The Body Box

"The temple I am going to build will be great, because our God is greater than all other gods. But who is able to build a temple for him, since the heavens, even the highest heavens, cannot contain him? Who then am I to build a temple for him, except as a place to burn sacrifices before him" –2 Chronicles 2:5, 6, NIV.

Despite having the very best materials and all the resources in the world to create the most beautiful, sumptuous house for God, Solomon realizes that even his best efforts would pale in comparison with the greatness of God.

As I read these verses my mind immediately turned to the new "temple" in which God now dwells. The New Testament contains several references to the believer as God's temple. "Don't you know" writes Paul in 1 Corinthians 16, NIV, "that you yourselves are God's temple and that God's Spirit lives in you?" Just a few chapters later Paul says it again: "Do you not know that your body is the temple of the Holy Spirit, who is in you, whom you have received from God?" –1 Corinthians 6:19, NIV. In his next letter to the Corinthian church, he reminds them again: "...we are the temple of the living God" –2 Corinthians 6:16, NIV.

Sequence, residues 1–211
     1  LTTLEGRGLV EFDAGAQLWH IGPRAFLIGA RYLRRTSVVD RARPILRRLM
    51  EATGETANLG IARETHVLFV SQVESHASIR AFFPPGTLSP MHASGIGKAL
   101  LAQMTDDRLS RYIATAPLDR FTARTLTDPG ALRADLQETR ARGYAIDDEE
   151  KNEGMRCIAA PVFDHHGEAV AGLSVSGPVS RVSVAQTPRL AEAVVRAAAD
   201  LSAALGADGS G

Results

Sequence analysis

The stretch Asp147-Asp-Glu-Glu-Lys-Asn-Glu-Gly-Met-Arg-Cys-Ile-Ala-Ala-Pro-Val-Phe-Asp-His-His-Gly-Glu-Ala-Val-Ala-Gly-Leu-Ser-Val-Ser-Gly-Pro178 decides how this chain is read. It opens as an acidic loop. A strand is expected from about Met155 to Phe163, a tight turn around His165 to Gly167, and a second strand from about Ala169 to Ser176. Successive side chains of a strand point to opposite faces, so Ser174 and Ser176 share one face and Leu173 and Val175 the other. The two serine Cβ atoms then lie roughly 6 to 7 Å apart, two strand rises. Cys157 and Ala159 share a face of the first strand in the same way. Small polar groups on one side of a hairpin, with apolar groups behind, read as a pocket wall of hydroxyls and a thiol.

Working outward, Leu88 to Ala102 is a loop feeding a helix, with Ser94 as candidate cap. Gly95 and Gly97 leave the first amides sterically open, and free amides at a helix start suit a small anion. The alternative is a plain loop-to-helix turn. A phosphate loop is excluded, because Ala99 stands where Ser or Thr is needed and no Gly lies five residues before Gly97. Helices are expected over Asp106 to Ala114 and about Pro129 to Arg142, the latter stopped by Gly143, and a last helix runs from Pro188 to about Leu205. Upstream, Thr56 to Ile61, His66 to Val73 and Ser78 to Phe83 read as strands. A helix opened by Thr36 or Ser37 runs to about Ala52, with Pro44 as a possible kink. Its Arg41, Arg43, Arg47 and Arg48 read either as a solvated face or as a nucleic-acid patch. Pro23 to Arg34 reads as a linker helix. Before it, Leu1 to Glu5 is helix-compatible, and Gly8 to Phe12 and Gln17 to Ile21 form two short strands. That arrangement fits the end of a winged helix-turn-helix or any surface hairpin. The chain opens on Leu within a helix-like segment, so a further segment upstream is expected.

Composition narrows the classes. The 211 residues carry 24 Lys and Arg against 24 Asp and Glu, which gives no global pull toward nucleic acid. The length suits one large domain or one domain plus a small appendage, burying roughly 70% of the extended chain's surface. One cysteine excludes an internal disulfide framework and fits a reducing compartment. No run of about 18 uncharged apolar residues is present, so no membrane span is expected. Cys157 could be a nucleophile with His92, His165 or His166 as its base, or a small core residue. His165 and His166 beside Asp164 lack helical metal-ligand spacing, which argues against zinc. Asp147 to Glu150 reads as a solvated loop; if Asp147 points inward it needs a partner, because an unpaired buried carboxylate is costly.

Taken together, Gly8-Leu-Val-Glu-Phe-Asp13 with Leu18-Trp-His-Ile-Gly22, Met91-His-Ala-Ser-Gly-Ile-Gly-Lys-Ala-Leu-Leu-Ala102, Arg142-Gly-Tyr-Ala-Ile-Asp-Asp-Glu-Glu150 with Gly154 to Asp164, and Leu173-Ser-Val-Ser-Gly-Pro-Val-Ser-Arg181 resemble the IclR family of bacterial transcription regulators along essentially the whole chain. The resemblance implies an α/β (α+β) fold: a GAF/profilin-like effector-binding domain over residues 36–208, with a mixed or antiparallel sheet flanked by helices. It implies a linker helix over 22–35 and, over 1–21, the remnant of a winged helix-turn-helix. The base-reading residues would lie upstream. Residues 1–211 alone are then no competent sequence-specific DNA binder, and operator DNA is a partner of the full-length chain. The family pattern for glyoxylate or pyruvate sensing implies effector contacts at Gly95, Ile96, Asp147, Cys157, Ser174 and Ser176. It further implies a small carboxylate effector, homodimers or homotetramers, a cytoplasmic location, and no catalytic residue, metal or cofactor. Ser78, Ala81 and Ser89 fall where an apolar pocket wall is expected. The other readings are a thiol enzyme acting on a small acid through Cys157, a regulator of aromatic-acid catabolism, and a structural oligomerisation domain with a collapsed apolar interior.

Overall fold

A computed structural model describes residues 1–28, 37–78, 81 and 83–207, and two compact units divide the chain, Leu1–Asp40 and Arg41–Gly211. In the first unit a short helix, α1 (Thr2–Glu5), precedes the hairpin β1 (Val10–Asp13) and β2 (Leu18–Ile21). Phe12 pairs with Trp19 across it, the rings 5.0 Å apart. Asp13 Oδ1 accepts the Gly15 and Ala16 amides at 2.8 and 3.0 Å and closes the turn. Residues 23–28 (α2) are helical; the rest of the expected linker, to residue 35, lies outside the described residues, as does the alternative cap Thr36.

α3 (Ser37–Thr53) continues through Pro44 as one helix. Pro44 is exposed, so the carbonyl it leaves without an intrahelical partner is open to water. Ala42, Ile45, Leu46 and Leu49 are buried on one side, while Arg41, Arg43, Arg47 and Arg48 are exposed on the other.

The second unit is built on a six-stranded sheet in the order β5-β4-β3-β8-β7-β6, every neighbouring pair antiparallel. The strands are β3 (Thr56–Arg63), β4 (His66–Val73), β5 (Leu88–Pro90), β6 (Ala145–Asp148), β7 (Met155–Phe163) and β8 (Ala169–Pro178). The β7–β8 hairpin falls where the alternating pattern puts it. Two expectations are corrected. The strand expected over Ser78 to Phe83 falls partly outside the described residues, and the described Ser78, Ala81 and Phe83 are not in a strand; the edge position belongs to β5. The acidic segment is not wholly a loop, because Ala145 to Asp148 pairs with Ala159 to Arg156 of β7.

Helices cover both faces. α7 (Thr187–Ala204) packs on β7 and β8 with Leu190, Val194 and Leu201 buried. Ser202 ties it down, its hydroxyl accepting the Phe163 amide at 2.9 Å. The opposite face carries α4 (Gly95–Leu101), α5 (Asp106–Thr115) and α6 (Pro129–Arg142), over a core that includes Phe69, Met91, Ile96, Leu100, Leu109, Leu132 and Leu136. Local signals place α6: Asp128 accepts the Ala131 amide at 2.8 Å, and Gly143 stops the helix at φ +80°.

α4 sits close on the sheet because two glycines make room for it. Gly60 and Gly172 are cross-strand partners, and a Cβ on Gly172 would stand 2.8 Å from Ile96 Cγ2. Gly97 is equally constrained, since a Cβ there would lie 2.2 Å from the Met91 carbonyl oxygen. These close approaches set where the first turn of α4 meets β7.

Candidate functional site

Further study of the context in which these verses are found reveals Paul's concern for the purity of the temple in which God dwells. Going back to 1 Corinthians 3:16 we read: "If anyone destroys God's temple, God will destroy him; for God's temple is sacred, and you are that temple." Then in chapter 6, verse 19, 20, referring to sexual sins: "You are not your own; you were bought at a price. Therefore honor God with your body." In the second letter, Paul addresses the issue of our intimate relationships with unbelievers by saying: "What harmony is there between Christ and Belial? What agreement is there between the temple of God and idols? For we are the temple of the living God...Therefore come out from them and be separate...Touch no unclean thing..." –2 Corinthians 6:15-18, NIV.

Solomon understood three things. He realized that containing God was impossible. He knew that despite his power and magnificence, he was the lesser of the partners in this spiritual relationship. He also concluded that what he produced for God needed to be a place of sacrifice: a place of continual confession, purification and commitment.

In looking at ourselves as God's dwelling place the same truths apply. God is not contained in that box called our body. He is bigger than we are and we can't shelve him when we choose or control him to suit our needs as though he were some bodily function. We need to remember that we are the lesser of the partners–far, far less. And we need to recognize that the body in which God dwells needs to be a place of confession, purification, and continually commitment.


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